Originally published in 1974, ‘Not a White Woman Safe’ is a thoroughly researched book by Amirah Inglis that brings into focus the White Women’s Protection Ordinance of 1926 by the Australian colonial administration in Port Moresby.

Passed into law under the watch of Sir Hubert Murray as the Administrator of Papua then, this discriminatory piece of legislation was put into effect with penalties that were deemed draconian, even by the standards of that time.

This book clearly depicts Port Moresby of that era; an ultra-repressive “white man’s town” where the social castes were distinctively defined. It is set in a time when “Natives (and dogs) are not allowed” access to public amenities.

It chiefly explores the underlying myths surrounding the white man’s perception of the Papuan’s sexual mores leading towards their resentment and paranoia that gave rise to the “Black Peril”: the unnatural fear of sexual attacks on white women and girls by black men, even when there was not even a single recorded case of rape.

Two cases of convictions under this law, one of which saw the first public hanging, are further highlighted to illustrate the outrageous double standards practised by the colonialists, and their incapacity in telling the truth about these incidents because of their guilt in the knowledge that these were clear cases of mistrials.

A brief review of the literature of that era on Papua is also thrown in for a good measure to give the reader a better handle on the colonialists’ school of thought.

The book’s title drew a lot of frowns from peers, but it remains true to the adage that one should not judge a book by its cover.  Having completed it, I am left with a lot more to mull over, especially as a Papua New Guinean.

Its use of documented case studies in relating key facts is quite insightful, and this alone lends more weight to its objectivity as a historical review. This also makes it a compelling book to read, and to have as a reference guide for anyone who wants to look into Port Moresby’s more forgetful past.

This book is a must read if one wants to get a better understanding, not only of this prejudicial piece of legislation but to get a better glimpse of the socio-political climes of Port Moresby in its formative years, and to see a more impartial view of Sir Hubert Murray and the type of leadership he yielded.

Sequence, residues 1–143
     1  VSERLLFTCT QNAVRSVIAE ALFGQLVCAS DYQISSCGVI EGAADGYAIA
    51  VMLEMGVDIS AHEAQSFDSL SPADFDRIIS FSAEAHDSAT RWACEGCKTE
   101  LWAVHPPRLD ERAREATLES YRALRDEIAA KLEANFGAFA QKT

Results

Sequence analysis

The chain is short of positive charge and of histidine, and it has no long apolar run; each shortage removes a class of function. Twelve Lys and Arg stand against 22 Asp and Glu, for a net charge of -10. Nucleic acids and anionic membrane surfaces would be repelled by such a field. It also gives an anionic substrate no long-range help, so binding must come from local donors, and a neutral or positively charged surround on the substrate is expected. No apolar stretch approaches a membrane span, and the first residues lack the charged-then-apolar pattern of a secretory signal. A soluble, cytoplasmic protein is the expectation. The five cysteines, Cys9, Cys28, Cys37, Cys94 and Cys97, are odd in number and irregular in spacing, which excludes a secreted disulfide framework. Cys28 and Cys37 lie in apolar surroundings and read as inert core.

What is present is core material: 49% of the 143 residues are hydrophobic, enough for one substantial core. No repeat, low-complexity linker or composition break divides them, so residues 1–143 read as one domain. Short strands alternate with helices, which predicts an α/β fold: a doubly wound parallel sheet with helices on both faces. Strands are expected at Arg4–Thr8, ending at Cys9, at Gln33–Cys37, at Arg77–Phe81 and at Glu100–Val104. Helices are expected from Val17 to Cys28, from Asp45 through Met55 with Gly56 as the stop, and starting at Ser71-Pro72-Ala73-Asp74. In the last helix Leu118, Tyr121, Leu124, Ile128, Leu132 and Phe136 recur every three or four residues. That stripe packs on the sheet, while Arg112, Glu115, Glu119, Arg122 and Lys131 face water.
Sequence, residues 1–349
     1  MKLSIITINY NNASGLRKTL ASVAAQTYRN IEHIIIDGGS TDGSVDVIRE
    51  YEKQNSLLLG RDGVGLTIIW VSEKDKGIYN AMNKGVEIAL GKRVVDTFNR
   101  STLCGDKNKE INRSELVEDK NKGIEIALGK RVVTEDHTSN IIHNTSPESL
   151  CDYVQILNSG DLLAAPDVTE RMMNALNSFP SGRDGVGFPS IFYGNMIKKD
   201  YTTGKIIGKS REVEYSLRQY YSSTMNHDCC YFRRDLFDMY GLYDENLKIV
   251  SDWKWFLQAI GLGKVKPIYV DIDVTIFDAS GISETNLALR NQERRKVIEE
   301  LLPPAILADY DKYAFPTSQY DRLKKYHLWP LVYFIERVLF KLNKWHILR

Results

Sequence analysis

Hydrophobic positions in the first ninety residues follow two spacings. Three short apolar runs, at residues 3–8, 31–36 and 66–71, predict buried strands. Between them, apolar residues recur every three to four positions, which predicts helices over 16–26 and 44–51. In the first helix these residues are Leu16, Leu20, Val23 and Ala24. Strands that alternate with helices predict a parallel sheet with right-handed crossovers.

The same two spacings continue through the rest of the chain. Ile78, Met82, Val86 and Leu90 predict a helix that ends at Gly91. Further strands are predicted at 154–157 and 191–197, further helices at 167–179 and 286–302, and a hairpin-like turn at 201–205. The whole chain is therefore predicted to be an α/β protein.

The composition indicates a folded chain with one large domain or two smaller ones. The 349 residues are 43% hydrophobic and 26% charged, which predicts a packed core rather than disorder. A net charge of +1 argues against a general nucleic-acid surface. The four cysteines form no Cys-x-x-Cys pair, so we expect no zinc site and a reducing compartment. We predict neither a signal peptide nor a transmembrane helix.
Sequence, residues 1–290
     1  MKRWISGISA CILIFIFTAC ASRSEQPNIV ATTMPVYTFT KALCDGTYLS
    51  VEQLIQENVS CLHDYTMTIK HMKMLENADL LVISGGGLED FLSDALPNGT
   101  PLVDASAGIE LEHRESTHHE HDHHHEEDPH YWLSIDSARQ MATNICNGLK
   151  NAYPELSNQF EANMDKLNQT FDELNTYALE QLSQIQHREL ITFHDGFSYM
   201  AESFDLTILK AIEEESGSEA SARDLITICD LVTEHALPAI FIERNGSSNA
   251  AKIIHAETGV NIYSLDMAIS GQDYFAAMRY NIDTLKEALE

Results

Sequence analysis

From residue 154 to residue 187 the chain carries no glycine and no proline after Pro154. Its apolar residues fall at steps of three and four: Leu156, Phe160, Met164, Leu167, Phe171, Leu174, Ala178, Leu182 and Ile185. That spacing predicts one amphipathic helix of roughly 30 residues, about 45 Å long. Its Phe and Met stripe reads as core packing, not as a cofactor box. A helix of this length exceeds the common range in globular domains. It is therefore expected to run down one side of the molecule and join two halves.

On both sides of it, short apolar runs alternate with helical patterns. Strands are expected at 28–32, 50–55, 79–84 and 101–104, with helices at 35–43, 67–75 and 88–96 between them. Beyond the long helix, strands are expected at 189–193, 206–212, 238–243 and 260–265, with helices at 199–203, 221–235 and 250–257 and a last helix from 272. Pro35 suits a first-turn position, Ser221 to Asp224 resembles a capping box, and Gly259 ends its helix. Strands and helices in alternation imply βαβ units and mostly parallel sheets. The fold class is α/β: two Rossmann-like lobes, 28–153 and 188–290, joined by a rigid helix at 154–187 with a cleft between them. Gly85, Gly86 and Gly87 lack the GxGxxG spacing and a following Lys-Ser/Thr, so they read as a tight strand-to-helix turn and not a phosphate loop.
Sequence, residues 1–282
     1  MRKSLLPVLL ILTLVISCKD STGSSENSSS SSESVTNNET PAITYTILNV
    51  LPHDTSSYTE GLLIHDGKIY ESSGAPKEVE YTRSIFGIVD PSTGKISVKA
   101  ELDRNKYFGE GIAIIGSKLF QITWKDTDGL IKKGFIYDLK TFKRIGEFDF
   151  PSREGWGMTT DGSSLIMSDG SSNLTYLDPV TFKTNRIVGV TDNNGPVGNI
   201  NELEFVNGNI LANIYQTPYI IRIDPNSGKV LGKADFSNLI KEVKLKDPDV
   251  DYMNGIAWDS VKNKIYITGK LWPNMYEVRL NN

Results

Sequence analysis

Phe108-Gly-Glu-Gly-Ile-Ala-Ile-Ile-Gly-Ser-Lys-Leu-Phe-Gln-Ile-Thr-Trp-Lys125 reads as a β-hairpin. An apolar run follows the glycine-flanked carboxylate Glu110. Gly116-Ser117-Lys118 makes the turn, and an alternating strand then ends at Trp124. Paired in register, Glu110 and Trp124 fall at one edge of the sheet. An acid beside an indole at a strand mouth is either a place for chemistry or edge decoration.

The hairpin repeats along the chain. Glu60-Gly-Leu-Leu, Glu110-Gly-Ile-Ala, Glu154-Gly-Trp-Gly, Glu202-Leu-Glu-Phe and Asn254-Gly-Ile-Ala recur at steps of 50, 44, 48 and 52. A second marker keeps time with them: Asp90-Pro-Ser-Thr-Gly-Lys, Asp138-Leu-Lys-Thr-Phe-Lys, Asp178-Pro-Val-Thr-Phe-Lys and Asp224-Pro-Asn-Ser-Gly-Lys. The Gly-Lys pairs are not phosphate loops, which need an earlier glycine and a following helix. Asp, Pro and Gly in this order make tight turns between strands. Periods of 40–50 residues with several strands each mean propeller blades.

• This book is on sale at The UPNG Bookshop at the Waigani campus of the University of PNG
  • It’s on sale online for $39.99 at Amazon

Crocodile Prize: an initiative promoting PNG writers

February 1, 2011 Leave a comment

PNG art

 

There has been a noteworthy development in the PNG Literature scene that I would like to make a mention of here and that is the Crocodile Prize. This BRILLIANT literary competition was initiated by PNG Attitude and the Post Courier to promote PNG writers and their work.

Named after the first published novel by a PNG writer (Sir V. Serei Eri), this competition is open to all Papua New Guinea citizens within the three categories of short story, poetry, and journalism. According to the organisers there has been a steady stream of entrants since its launch last September.

If you have time, I urge you to pay a visit to the contributors’ page at Keith Jackson’s PNG Attitude. The qualities of entries from our local writers are quite astounding and you will be impressed! Unlike works from overseas, the collective body of work from these Papua New Guinean writers will take you through the sights and sounds of places and settings that you are more familiar with.

One notable entrant in this competition is Jeffrey Febi. He’s been my friend since Uni but I had no idea he could write so eloquently in the way he does with his collection of short stories and poems. Russell Soaba of the Soaba’s Storyboard fame has a more in-depth take on this particular writer in his post, ‘Our Prolific Jeffrey Febi’.

But it does not stop there. We have a poet in Icarus with his political sketches that reflect the all too familiar stories we hear so often. Tanya Zeriga-Alone takes you through a stormy night to see the world through the eyes of an old man as he takes his last breath on his death bed. Meanwhile from across the Bismarck Sea, Carolus Ketsimur takes us back in time to paint us a picture of the day when the blackbirders came to the village. Then theres Bernard Sinai, David Kitchnoge, Eva Kuson, Lapieh Landu and more.

I could go on but you get the picture. I suggest you go there to get a full dose of what I am referring to.

For you aspiring writers do take a minute to go there and download the entry forms and start entering.

Write, write, write and read, read, read!